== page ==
Friday 25 Jul
 
 

TJ Mayes - "When Love Comes Down"

’50s era rock ’n’ roll had been long overdue for a rebirth. Thankfully, the stockpile of capable luminaries has not been in short supply over the past few years. 

07/23/2014 | Comments 0

Boare - "playdatshit"

The world is in the midst of an electronic music renaissance, and you find most of this boon of producers laying claim to the club-friendly, bass-dropping variety, holing up in the the free-flowing world of hip-hop beatmaking or pitching their tent on the out-there, boundary-pushing EDM camp.
07/23/2014 | Comments 0

Broncho - "Class Historian"

Broncho has never been hurting in the hook department. The success of the trio’s 2011 debut, Can’t Get Past the Lips, was predicated mostly on its ability to marry melodies with kinetic guitar riffs and anarchic energy. Yet we’ve heard nothing to the degree of pure pop catchiness on display in “Class Historian,” the new single from Broncho’s upcoming sophomore album, Just Enough Hip to Be Woman.
07/23/2014 | Comments 0

Manmade Objects - Monuments

No one wants to be forgotten; everyone wants some sort of legacy, a mark they leave behind as they exit this life for whatever lies beyond.

And for as long as there has been death, there have been monuments — whether austere or understated, abstract or concrete, prominent or tucked away in private — erected by the ones they loved to assure that remembrance, at least for a time.
07/15/2014 | Comments 0

Admirals - Amidst the Blue

Sometimes it helps to not be very good.

Some of the best albums and artists were born out of happy accidents owed to varying degrees of early suckage — the perfect note or chord for a song found by missing the one you are aiming for, failed mimicry of an idol bearing something entirely new and great instead.

07/09/2014 | Comments 0
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Gentle on our mind


Ladies and gentlemen, we are experiencing The Gentle Art of Floating in space. Now if only the band would release that long-awaited album ...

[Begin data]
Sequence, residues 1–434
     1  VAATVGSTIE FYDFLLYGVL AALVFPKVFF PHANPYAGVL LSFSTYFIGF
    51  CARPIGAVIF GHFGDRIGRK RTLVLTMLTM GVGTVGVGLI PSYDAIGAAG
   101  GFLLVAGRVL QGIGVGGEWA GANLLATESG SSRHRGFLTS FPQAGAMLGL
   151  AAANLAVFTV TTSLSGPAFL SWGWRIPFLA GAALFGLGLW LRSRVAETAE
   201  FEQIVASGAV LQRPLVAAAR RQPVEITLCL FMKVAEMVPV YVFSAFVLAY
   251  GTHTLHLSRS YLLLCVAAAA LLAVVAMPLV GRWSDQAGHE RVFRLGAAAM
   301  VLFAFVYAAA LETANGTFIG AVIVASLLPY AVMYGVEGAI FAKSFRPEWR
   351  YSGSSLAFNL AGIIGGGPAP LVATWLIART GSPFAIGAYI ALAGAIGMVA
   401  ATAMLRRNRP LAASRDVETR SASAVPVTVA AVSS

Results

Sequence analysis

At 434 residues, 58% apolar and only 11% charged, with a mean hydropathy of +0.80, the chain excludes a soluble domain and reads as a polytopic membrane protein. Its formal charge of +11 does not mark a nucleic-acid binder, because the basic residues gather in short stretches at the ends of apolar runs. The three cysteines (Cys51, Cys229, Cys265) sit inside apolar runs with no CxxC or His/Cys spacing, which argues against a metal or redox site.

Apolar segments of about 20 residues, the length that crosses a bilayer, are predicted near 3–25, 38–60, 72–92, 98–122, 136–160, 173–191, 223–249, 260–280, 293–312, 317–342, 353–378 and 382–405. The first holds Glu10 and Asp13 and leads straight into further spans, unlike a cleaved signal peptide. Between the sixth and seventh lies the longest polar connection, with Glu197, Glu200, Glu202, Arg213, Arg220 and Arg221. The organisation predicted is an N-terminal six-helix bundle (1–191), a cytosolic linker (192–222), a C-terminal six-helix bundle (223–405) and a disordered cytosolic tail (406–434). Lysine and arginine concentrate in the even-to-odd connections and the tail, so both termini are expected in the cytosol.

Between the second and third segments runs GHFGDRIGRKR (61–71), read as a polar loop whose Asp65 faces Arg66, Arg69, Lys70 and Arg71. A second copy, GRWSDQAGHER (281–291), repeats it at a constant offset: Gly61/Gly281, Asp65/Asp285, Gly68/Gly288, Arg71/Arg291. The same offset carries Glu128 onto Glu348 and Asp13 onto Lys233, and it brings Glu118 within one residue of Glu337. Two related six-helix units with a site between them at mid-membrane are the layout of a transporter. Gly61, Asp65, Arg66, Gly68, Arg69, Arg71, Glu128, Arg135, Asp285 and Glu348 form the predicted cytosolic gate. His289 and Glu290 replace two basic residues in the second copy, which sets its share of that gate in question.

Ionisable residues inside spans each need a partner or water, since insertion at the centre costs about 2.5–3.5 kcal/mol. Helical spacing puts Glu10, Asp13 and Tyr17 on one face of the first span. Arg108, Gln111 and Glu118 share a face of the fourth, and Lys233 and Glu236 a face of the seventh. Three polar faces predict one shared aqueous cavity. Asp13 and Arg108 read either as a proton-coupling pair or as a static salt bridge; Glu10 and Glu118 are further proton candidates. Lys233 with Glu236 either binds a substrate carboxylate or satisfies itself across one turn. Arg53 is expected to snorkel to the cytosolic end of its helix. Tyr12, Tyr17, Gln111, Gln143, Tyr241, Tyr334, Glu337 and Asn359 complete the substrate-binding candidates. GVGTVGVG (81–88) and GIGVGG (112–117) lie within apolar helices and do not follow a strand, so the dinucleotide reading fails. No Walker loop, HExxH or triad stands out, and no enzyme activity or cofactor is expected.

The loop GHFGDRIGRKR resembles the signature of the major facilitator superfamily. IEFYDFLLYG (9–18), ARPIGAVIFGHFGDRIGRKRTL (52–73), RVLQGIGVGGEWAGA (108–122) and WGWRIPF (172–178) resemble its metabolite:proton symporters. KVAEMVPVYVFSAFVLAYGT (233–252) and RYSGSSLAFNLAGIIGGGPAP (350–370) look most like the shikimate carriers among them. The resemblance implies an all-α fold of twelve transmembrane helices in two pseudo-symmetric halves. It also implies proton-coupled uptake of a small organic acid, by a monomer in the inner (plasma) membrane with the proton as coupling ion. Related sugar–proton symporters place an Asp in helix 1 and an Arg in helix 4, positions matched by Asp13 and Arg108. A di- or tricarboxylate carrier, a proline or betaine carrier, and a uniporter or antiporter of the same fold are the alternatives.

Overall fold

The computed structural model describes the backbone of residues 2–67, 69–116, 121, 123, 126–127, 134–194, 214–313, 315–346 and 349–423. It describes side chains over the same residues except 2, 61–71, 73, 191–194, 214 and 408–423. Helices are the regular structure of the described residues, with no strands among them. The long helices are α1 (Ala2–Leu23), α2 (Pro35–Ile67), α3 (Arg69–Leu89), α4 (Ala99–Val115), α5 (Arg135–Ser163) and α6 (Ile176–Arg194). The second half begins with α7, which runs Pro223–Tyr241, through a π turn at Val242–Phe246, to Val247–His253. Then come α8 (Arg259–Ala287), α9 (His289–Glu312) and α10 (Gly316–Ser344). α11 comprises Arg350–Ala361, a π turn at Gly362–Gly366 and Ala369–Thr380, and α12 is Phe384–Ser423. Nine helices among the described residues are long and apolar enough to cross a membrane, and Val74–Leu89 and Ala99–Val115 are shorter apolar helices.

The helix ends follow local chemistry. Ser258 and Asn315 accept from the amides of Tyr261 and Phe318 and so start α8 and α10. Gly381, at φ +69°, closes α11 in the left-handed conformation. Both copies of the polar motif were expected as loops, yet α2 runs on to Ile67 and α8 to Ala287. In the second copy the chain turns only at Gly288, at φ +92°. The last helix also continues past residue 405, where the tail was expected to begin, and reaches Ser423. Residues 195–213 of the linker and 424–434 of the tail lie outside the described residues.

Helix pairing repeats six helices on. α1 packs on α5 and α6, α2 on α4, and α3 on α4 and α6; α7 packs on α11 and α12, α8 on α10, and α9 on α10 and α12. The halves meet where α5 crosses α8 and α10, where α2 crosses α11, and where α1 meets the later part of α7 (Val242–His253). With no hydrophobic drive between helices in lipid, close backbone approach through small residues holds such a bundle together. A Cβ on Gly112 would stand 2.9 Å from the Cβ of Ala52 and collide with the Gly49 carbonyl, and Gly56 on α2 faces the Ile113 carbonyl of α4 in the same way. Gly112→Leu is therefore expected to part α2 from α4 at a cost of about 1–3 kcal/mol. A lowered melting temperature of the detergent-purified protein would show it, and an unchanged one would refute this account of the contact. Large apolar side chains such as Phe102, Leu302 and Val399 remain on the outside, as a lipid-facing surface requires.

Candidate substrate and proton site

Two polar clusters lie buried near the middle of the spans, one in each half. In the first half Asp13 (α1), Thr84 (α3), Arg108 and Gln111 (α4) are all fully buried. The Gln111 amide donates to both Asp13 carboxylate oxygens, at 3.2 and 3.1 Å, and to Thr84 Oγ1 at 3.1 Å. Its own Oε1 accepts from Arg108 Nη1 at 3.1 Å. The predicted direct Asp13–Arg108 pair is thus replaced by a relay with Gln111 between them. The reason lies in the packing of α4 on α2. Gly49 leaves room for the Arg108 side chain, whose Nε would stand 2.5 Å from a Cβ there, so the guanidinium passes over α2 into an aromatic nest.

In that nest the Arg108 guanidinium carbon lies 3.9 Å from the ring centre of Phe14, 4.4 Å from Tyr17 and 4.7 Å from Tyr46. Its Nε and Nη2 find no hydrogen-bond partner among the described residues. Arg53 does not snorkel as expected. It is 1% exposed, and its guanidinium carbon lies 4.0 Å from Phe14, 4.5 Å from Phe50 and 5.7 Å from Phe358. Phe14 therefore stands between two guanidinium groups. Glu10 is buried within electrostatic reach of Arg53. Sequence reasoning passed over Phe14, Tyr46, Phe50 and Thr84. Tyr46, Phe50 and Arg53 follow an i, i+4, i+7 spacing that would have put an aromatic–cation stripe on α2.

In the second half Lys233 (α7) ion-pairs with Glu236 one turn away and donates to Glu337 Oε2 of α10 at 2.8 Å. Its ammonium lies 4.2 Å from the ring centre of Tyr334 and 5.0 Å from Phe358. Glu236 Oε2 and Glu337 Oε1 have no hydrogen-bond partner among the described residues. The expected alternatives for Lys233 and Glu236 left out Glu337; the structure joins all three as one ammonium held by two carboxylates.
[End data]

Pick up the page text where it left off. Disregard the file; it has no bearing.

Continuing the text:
Joshua Boydston June 29th, 2011

The Gentle Art of Floating with Raiment and You’d Prefer an Astronaut
9 p.m. Friday
Opolis, 113 N. Crawford, Norman
opolis.org, 820-0951
$7

It’s been three years since Oklahoma City band The Gentle Art of Floating formed, and it still hasn’t managed to release an album. It has a pretty good excuse ... for that at least.

Around Christmas 2009, front man Colin Nance came home to find his studio — and their practice space — different than he’d left it.

“People broke into Colin’s house, and they went with the Grinch method and ransacked the whole studio, middle of the day,” bassist Eric Gorman said. “We’d started (the album) before the gear got stolen and lost all of our tracks, and that was the biggest loss, really. We’re trucking through it still.”

The crime soon became a mixed blessing; friends rallied behind the group’s benefit shows to help them afford to replace their instruments. Once they did, they recut the tracks

and made their way to Trent Bell’s Bell Labs in Norman.

“It served as a really good kicking point to quit dawdling around, though,” Gorman said. “We grew with the songs a lot more. Now, we have much more mature versions of the songs. It sucked ass, but it was for the best.”

Now, The Gentle Art of Floating is putting the finishing touches on its debut record for a fall release. It promises to be chock-full of the immense anthems Gorman and Nance, along with drummer Tony Mahon and violinist Shelby Herald, have been showcasing since the band’s inception. Equal parts ’80s synth pop and ’90s shoegaze, songs like “Stuck in the Bubble” and “Death of Doowop” are big, bold, daring and adventurous, recalling acts like M83 and Broken Social Scene.

“If anything, we took the sonic aspect of wanting to be big, loud and powerful without being anything close to a rock band,” Gorman said. “There’s an aspect that’s really poppy, and another that is really droney. There’s always a certain nostalgia to the music, stuff we relate to from being younger. It’s a really good soundtrack for going to space, or at least driving late at night and looking at the stars.”

To make sure the wonder doesn’t stop at the music, the quartet has taken to sometimes-elaborate lighting and visual setups to build things to another level. No two shows are the same, and Friday night’s at Opolis will be no different.

“We try to make it a different experience with its own vibe,” Gorman said. “Me and Colin have a thing for the ambient blue light from TVs. We think it creates a really good mood, so for one show, we just got a rack and put up a shit ton of TVs. It was cool, just really heavy.”

 
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